The period of time I spent at the end of December consciously not working is one of the first where I wasn’t either (a) explicitly in competition with others, or (b) implicitly in competition with myself.
Competition can be good. It can be motivational and help us strive to be better / faster / stronger. But, too often, it can be damaging and cause us to act in ways that aren’t beneficial to ourselves or those around us.
I’ve been a gamer all my life and so the idea of beating myself (as a kind of ghost car) has always appealed to me. But, having reached the age at which almost every elite athlete has retired, I need to stop kidding myself that I’ll ever run a sub-20 minute 5k. That’s OK.
In addition, I’ve come to understand the approach my mother took to family board games when I was a child. She refused to play to win, instead making sure (as far as she could) that my sister and I never finished last. As a parent, I get that now.
A competitive approach to life is often justified by talking about “preparing young people for the real world”. It’ as if the so-called real world is red in tooth and claw. In my experience that’s not the case; the ‘real world’ is more focused on collaboration than competition.
So, perhaps we’ve got things backwards. Maybe the reason adult life involves competition is not because of the nature of the ‘real world’ but because capitalism demands competition, and so we bake it into childhood.
All of this has made me realise that while competition still has a role in my life, it’s a diminished one. I need to put it back in the box where it belongs, to be taken out where appropriate.
The rest of the time, I should be collaborating, helping bring attention to those who deserve it. That’s instead of (and it pains me to admit it) seeking the reassurance of “doing better” than others. We’re all in this together, after all.
This is a scheduled post whilst I’m on holiday in the UAE – my apologies if I don’t respond to comments straight away!
“There’s a philosophical tendency in the West, following Plato, to conclude that if a theory isn’t working, there must be something wrong with reality.” (Ikujiro Nonaka and Hirotaka Takeuchi, Harvard Business Review)
An increasingly-prevailing rhetoric of competition has invested western society. ‘Survival of the fittest’ is the dominant mantra: nature as ‘red in tooth and claw’ justifies everything from ultra-competitive school sports days to bankers being paid huge bonuses. Anyone who opposes such an ‘obvious’ state of affairs is seen as naive and, well, a bit… fluffy.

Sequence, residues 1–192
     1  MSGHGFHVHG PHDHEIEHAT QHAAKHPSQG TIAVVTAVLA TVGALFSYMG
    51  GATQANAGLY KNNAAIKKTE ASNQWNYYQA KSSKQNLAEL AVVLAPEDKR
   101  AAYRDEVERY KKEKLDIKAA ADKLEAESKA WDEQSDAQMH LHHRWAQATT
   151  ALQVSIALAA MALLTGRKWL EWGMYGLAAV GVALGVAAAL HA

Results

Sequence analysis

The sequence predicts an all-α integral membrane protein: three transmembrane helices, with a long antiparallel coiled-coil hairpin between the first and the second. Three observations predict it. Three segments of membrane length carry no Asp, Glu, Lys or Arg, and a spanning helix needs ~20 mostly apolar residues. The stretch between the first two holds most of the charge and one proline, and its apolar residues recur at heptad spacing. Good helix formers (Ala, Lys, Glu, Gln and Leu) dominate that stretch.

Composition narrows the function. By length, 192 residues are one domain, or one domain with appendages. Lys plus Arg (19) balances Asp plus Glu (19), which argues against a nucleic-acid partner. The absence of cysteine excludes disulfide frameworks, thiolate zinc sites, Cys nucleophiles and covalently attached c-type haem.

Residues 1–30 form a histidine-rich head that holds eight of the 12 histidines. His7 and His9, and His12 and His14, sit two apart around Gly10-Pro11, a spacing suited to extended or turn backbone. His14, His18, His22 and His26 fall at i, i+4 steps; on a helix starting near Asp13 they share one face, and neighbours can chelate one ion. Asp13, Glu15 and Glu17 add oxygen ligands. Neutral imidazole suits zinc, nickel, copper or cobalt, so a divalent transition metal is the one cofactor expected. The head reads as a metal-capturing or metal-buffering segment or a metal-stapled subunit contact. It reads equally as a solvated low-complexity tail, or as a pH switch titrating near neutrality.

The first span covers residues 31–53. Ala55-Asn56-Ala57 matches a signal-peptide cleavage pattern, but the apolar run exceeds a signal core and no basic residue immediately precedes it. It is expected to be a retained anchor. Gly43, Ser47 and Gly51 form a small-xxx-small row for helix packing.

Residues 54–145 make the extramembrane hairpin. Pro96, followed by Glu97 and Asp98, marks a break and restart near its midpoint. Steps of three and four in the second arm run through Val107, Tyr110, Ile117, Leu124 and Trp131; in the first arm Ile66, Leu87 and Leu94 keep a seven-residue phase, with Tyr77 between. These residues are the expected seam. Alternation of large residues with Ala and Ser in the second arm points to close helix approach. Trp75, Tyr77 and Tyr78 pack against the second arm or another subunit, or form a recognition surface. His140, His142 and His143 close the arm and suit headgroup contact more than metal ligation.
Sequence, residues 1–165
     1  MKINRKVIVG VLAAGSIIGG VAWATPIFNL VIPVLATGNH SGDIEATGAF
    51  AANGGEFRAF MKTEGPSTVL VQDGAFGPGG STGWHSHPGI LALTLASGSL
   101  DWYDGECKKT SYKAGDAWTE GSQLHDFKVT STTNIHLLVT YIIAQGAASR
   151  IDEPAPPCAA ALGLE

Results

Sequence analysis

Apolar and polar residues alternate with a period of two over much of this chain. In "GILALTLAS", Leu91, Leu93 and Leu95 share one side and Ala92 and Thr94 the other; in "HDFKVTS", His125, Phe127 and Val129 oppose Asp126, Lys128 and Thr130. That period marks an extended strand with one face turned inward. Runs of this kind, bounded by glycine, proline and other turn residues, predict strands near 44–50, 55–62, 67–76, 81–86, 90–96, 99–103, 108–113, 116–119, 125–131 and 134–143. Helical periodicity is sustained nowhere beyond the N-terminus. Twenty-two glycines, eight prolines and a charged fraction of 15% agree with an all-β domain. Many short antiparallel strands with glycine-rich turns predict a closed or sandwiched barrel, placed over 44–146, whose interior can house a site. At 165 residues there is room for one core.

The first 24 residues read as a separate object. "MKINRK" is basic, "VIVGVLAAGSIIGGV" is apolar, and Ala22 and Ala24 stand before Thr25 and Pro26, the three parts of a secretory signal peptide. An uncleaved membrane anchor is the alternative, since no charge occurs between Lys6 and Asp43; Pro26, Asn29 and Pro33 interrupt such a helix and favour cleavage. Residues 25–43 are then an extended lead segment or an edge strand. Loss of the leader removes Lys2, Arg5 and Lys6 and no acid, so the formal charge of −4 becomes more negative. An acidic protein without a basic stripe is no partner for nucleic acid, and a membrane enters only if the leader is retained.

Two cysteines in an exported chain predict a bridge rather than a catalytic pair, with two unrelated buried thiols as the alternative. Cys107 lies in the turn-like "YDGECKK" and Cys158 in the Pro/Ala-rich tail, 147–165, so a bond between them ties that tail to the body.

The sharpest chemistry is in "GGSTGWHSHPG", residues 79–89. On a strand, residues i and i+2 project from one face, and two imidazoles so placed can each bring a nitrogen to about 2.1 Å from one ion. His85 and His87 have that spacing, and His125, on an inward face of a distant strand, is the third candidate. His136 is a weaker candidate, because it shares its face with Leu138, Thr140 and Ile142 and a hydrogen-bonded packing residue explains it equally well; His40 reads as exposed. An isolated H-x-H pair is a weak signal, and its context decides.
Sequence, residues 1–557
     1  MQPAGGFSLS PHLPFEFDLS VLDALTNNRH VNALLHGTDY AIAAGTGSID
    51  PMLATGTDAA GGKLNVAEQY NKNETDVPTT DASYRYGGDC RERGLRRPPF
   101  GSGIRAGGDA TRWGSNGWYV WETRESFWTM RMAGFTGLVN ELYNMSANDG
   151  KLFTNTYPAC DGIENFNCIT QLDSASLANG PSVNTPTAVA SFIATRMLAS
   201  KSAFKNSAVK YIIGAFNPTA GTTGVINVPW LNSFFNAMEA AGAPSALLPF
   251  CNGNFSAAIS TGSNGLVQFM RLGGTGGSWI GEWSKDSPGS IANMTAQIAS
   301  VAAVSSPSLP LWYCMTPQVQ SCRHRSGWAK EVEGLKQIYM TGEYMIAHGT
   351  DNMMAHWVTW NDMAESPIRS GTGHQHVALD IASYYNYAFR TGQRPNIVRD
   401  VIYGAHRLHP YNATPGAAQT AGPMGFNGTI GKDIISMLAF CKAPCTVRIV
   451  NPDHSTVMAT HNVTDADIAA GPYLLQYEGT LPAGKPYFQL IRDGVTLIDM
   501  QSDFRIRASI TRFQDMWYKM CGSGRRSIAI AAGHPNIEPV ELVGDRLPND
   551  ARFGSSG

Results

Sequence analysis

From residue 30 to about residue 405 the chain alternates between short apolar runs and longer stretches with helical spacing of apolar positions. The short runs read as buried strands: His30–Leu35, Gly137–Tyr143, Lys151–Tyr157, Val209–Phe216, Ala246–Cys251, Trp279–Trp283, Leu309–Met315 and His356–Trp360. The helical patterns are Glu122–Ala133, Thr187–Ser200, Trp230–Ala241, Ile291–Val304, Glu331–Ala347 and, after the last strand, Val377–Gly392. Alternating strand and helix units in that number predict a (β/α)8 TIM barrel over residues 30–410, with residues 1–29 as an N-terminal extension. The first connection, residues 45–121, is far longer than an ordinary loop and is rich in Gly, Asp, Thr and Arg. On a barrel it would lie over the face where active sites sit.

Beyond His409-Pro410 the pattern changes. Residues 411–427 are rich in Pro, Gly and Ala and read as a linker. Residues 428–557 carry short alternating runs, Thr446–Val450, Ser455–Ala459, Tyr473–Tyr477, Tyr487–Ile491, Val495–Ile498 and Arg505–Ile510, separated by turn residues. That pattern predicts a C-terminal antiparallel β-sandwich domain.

Interestingly, where the real work gets done – on the frontlines (be those military or educational) camaraderie and sharing rules the roost. Why? Because when it comes down to it, we are what we share. Competition, despite what the current government would have us believe, does not ‘drive up standards’ in and of itself: it’s a lazy shorthand for innovation. And if, like me, you believe that co-operation is the best way to bring people together to innovate, then competition is diametrically opposed to this. Everything is not a market.
So the next time you try work out how to boost your Klout score, improve the numbers in that little Feedburner chicklet, or be reshared/retweeted on Google+ or Twitter, just ask yourself: Why am I doing this? Am I doing this to make the world a little bit better than I left it? What and whose theory am I acting on here?
The hardest bit, I’ve found, of creating an infographic is (perhaps obviously) working out how to visualize the data in a meaningful way. The problem with the raw data presented in this competition was that there were 3 SAT scores (reading, maths, writing) and that a meaningful correlation would assume an inverse relationship between this and teacher/student ratio.
In other words I had to figure out a way of plotting something increasing whilst the other decreased.
After a bit of playing around fruitlessly, I settled on the infographic at the top of this post. I’ve a few days left to change it a bit if necessary, but I think that it does, on the whole, do what’s required of it.
I’m never going to win the competition (a copy of David McCandless’ The Visual Miscellaneum) but, like entering a half-marathon or a 5k to focus your running routine, it’s still worth doing! 😀
This blog post involves a competition to win the domain names http://edte.ch and http://elearnr.org. It’s free to enter, but you have to comment and make a promise! If you’re not interested in the story behind the competition, simply scroll down to the section in bold at the end for what to do.
Every now and then I decide to buy a domain name. It’s usually related to some project or other I’m thinking of undertaking. Sometimes the project doesn’t take off (e.g. tweetmeet.eu) whereas other times it does (e.g. edtechroundup.com). Unfortunately, the two domain names I’m proudest of coming up with are currently lying dormant. That’s causing me increasing angst as I wonder what to do so as not to squander them. I’ve decided, therefore, to donate them to a worthy cause. 🙂